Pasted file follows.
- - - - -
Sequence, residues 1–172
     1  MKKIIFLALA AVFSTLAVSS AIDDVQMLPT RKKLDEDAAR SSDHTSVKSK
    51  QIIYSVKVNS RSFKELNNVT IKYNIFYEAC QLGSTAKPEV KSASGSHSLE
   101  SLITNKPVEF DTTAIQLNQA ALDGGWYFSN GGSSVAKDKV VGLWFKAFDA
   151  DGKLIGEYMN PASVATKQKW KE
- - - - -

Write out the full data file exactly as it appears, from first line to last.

Sequence, residues 1–172
     1  MKKIIFLALA AVFSTLAVSS AIDDVQMLPT RKKLDEDAAR SSDHTSVKSK
    51  QIIYSVKVNS RSFKELNNVT IKYNIFYEAC QLGSTAKPEV KSASGSHSLE
   101  SLITNKPVEF DTTAIQLNQA ALDGGWYFSN GGSSVAKDKV VGLWFKAFDA
   151  DGKLIGEYMN PASVATKQKW KE